I read with interest the study by Shen et al., which investigated the diagnostic accuracy of the cell apoptotic marker cytokeratin-18 M30 and total cell death markers cytokeratin-18 M65/M65ED for the assessment and monitoring of non-alcoholic fatty liver disease (NAFLD). According to the results reported in Table 2, M30 achieved an area under the receiver operating characteristic (AUROC) curve for discriminating non-alcoholic steatohepatitis (NASH) from non-NASH of only 0.66 [95% confidence interval (CI): 0.57–0.75].
This value seems to be significantly lower than that originally reported by Wieckowska et al., who showed that serum M30 accurately predicted ‘definitive NASH’ (according to the NIDDK NASH Clinical Research Network scoring system) in patients with suspected NAFLD with an AUROC of 0.93. Similarly, we have previously reported that M30 levels had an AUROC of 0.83 for distinguishing between ‘simple steatosis’ and ‘definitive NASH’.
The lower diagnostic performance seen in the study by Shen et al. may be attributed to problems inherent in the histological classification of their patients with NAFLD. Indeed, as the results presented in Table S2 seem to suggest, the authors performed a comparison between ‘definite NASH’ vs. ‘borderline NASH’ plus ‘simple steatosis’ (the latter two categories grouped together). To allow comparisons with previous studies, the authors should compare ‘definite NASH’ with ‘simple steatosis’ (i.e. without the inclusion of subjects with ‘borderline NASH’).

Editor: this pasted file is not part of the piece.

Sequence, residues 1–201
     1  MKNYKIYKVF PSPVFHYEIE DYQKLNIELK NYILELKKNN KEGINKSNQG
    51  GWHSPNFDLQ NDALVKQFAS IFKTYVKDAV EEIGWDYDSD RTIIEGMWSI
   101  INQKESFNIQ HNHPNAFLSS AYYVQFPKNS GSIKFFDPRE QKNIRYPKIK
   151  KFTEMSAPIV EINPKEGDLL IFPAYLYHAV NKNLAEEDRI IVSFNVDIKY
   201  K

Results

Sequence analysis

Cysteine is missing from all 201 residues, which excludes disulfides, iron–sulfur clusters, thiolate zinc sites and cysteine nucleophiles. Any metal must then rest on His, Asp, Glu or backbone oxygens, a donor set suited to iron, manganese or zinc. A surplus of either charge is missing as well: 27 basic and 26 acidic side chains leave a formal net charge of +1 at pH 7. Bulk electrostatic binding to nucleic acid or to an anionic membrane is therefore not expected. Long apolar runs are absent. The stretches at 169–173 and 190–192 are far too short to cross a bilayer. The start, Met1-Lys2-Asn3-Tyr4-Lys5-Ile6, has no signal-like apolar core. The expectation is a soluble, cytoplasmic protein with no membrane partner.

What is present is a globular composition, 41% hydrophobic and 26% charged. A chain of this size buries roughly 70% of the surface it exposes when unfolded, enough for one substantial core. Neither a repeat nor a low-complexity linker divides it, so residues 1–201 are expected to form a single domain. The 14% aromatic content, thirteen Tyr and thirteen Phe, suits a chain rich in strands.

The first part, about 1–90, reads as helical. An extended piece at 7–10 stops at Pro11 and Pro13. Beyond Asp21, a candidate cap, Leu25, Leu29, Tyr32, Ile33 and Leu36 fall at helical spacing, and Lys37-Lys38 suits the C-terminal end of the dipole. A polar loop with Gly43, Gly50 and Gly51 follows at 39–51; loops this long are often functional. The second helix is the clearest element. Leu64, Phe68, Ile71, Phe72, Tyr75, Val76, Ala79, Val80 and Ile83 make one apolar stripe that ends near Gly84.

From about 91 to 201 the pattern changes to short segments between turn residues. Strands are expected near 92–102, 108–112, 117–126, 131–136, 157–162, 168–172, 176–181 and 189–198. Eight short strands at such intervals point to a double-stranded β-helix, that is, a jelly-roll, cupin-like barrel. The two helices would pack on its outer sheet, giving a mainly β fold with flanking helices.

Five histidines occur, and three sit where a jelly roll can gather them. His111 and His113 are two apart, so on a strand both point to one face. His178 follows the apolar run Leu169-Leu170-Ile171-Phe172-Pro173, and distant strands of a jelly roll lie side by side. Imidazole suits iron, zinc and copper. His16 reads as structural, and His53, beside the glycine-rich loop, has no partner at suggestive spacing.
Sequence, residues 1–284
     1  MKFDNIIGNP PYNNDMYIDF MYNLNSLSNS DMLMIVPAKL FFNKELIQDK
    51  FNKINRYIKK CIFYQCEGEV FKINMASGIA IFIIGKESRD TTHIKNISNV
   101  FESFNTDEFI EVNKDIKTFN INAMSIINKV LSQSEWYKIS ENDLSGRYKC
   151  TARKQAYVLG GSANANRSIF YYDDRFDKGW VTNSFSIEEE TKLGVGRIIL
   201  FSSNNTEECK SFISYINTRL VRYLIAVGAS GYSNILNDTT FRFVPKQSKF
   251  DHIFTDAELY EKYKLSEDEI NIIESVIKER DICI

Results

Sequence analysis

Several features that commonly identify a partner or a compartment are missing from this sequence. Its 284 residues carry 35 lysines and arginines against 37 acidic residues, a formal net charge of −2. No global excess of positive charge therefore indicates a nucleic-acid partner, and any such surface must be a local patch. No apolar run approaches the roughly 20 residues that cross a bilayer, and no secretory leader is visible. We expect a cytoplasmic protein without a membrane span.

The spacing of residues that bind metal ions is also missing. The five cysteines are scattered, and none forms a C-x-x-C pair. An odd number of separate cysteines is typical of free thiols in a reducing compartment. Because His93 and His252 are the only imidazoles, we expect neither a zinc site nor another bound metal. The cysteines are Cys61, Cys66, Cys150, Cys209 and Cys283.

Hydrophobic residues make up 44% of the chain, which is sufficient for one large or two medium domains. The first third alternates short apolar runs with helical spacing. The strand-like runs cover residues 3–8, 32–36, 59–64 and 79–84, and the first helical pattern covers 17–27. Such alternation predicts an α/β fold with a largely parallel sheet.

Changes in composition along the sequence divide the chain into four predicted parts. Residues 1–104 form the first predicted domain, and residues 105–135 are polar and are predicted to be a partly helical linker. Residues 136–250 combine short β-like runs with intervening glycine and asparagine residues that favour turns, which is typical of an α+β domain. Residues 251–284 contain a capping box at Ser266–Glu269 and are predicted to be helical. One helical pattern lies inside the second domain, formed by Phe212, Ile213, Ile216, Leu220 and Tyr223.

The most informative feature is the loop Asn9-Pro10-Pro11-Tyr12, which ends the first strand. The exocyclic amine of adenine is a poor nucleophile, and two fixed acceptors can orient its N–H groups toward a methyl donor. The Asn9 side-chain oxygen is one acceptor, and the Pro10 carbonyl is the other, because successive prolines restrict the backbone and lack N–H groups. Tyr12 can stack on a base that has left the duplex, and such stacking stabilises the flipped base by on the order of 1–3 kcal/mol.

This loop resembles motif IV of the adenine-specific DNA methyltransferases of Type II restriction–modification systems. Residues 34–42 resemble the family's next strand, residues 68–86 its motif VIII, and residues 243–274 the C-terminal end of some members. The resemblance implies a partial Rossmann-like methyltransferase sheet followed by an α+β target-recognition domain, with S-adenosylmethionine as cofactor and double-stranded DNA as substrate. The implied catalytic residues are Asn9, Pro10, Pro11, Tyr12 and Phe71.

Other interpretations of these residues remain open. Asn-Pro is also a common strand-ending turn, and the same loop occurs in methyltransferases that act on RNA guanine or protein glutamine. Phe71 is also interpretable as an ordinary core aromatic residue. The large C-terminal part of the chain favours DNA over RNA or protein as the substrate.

In addition, the authors in their article refer to the recent endpoints and clinical trial design for non-alcoholic steatohepatitis. According to this classification system, the presence or absence of steatohepatitis is categorised according to gestalt recognition of the pattern of disease. Therefore, the authors should also reassess the diagnostic accuracy of the biochemical markers using the histological classification proposed by Sanyal et al.